Professional Learning Groups: Definition and Rationale


Over the years, groups of teachers collaborating have gone by different names: critical friends groups (CFGs), professional learning communities (PLCs), intensive learning teams (ILTs), and many school-specific alternatives. The Great Schools Partnership (GSP) uses the term professional learning group (PLG). PLGs are small teams of teachers who may share common students, interests, or teaching responsibilities, such as the same content area, grade level, or team assignment. Groups may also be organized in a cross-curricular way to deepen collegiality, collaboration, and program cohesion. The goal of these groups is to capture and build on the knowledge and skills of participating teachers in ways that will help them equitably support the aspirations and achievement of all students. To ensure scheduled time is used effectively and remains focused on increasing educational equity, PLGs should:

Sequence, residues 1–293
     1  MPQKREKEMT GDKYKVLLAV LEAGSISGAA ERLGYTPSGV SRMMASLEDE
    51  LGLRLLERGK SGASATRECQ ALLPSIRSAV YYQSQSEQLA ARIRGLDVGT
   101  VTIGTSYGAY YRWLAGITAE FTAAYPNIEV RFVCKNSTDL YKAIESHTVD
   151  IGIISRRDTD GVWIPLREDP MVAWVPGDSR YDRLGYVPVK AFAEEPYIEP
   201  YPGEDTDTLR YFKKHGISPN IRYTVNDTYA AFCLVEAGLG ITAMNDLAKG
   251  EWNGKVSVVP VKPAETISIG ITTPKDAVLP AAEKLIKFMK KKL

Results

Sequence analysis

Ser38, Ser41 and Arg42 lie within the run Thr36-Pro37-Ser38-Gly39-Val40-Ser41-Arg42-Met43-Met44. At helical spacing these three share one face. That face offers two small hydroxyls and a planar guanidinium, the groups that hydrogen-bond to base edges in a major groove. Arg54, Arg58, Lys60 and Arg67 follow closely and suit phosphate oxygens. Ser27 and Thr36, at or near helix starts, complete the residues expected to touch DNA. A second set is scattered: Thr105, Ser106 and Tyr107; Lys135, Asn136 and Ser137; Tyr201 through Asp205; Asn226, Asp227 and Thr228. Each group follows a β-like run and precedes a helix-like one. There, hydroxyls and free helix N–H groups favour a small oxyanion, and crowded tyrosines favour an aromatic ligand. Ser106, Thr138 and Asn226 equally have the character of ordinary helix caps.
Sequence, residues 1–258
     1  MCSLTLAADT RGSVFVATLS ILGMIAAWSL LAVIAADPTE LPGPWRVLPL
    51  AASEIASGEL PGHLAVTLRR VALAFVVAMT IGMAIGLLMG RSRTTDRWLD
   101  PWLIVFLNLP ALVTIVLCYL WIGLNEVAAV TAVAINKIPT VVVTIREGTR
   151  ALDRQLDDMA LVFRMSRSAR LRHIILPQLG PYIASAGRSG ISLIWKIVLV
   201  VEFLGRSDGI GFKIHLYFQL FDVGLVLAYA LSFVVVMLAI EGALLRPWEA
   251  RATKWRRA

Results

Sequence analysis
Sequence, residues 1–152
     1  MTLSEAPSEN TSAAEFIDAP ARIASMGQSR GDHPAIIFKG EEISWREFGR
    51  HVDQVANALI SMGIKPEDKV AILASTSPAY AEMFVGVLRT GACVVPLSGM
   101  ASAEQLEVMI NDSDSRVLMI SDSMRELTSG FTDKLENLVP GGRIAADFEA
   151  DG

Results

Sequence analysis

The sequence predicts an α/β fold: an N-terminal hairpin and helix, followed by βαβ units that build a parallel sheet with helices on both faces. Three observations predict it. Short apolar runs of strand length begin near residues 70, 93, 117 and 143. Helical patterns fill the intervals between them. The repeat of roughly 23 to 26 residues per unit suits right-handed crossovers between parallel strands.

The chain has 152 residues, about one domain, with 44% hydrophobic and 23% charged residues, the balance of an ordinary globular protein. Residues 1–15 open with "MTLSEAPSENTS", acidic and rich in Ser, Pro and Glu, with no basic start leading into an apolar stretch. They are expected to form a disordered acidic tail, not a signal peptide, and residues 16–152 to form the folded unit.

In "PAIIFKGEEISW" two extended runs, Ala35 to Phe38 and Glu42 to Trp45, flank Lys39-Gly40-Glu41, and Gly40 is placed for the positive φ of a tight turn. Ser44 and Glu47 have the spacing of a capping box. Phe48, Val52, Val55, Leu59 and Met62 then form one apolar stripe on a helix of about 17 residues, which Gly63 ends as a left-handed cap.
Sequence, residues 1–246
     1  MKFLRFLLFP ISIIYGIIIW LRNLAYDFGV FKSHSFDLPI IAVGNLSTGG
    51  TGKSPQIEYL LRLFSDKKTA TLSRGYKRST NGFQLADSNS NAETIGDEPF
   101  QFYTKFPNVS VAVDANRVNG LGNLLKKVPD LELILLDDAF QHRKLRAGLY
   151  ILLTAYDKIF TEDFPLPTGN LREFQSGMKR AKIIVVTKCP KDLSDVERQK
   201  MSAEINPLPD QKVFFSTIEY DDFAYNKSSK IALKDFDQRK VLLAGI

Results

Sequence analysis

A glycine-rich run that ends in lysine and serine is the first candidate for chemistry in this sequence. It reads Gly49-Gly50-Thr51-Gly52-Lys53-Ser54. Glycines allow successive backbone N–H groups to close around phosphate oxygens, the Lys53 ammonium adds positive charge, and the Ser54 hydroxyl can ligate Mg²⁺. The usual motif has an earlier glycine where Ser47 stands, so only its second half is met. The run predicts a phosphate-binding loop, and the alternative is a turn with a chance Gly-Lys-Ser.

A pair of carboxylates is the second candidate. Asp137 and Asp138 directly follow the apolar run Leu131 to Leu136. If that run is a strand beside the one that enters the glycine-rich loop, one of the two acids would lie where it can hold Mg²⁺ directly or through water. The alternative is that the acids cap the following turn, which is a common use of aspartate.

Professional learning groups can be powerful vehicles for ongoing professional development in any school. With clear and shared purposes, regular meeting times that are prioritized, and effective facilitation, PLGs can influence the culture of the school community and increase equitable outcomes for all students. By honoring the skills and knowledge of each participating teacher, as well as the research and experiences of educators outside the PLG, teachers can develop strategies to reach all students. PLGs give structure to professional conversations and provide a safe forum in which colleagues can examine student data, learn from student work, and share instructional strategies, while also working through dilemmas in collaboration rather than isolation. As PLG tools and structures become embedded in meetings throughout the school community, a culture of authentic collaboration can develop that is palpably different from other types of teacher meetings.

For PLGs to have a lasting and sustained impact, ongoing care and attention must be given to defining and clarifying their purpose, designing their structure, ensuring ongoing supports, and nurturing a culture of collaborative, student-focused professional learning.

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